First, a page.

media
September 27, 2007

Media Advisory: NYSUT hosts conference on Latino student achievement and achievement gap

Source: NYSUT Media Relations


ALBANY, NY (09/27/2007) - Dozens of educators, community leaders, labor activists and government officials will gather in NYSUT's Latham headquarters Saturday, September 29, from 10:00 a.m. - 4:30 p.m., to strategize on ways to end the achievement gap for Latino students.

NYSUT is co-sponsoring the conference with the Labor Council of Latin American Advancement (LCLAA), as the organizations focus on the unique needs and challenges faced by Latino students.

"While our schools are making steady progress, too many Latino students are falling behind," said NYSUT Vice President Maria Neira. "We will focus on how to ensure all students succeed and actively engage our community."

The conference begins at 10:00 a.m. with remarks by Neira and LCLAA President Guillermo Perez.

"We are very excited to work with NYSUT on a common agenda," said Perez. "Our goal for the forum is to provide concrete proposals to help change the environment for our young people."

The keynote speaker, Hector Ruiz from the United Federation of Teachers, NYSUT's New York City affiliate, is a veteran School-Related Professional in Bronx schools.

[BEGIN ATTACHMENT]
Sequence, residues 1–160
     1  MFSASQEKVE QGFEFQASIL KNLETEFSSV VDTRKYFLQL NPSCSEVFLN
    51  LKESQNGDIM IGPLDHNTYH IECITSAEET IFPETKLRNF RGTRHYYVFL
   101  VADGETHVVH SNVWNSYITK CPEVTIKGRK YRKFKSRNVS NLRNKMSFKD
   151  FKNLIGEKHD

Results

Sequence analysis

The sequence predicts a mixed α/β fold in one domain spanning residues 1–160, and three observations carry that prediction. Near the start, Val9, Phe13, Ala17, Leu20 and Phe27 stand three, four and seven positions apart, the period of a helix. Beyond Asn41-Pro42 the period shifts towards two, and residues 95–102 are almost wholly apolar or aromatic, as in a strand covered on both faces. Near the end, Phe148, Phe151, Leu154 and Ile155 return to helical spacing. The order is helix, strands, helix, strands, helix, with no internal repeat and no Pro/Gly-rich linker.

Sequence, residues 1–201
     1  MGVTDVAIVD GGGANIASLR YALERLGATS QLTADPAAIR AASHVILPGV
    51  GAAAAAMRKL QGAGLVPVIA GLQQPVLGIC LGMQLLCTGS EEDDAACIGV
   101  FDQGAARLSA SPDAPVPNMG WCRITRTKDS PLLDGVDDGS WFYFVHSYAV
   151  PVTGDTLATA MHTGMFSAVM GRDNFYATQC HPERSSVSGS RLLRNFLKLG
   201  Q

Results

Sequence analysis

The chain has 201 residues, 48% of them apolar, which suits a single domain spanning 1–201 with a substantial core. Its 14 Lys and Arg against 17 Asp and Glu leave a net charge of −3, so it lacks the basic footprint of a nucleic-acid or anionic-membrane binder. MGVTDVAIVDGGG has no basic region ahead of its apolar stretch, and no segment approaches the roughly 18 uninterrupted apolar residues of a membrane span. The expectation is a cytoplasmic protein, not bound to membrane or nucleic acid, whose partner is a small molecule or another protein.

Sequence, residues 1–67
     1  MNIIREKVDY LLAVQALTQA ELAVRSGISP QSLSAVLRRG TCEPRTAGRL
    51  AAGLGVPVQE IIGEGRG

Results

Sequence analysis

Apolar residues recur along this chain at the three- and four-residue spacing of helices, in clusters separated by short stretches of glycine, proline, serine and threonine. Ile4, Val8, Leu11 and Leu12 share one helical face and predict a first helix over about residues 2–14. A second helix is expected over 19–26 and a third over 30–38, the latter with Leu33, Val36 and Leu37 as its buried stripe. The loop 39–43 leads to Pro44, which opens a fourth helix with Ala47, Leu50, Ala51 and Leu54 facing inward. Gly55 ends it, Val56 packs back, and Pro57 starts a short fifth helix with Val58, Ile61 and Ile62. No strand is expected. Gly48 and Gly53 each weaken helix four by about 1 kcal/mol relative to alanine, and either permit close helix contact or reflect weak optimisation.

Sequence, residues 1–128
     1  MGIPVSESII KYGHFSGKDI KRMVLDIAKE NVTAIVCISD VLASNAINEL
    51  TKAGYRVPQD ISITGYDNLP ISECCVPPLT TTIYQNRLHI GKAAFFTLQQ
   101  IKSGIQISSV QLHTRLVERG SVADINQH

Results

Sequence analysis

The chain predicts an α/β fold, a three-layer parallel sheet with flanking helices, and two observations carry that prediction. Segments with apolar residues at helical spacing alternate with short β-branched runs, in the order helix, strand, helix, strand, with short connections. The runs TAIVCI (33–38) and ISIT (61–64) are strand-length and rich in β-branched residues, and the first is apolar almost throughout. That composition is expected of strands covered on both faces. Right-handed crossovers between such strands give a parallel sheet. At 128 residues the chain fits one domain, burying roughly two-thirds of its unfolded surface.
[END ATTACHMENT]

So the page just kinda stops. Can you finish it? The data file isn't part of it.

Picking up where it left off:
Topics of the morning workshops - which begin at 10:30 a.m. - include community involvement in schools and the disproportionate representation of students of color in special education.

Afternoon workshops, starting at 1:15 p.m., will focus on dual language learners and access to higher education for Latino students.

Neira and other conference participants will be available to the media during the noon-1:15 lunch session.

NYSUT headquarters is located at 800 Troy-Schenectady Road in Latham.

NYSUT represents 585,000 teachers, school-related professionals, academic and professional faculty in higher education, professionals in education and health care and retirees. NYSUT is affiliated with the American Federation of Teachers; National Education Association and the AFL-CIO.

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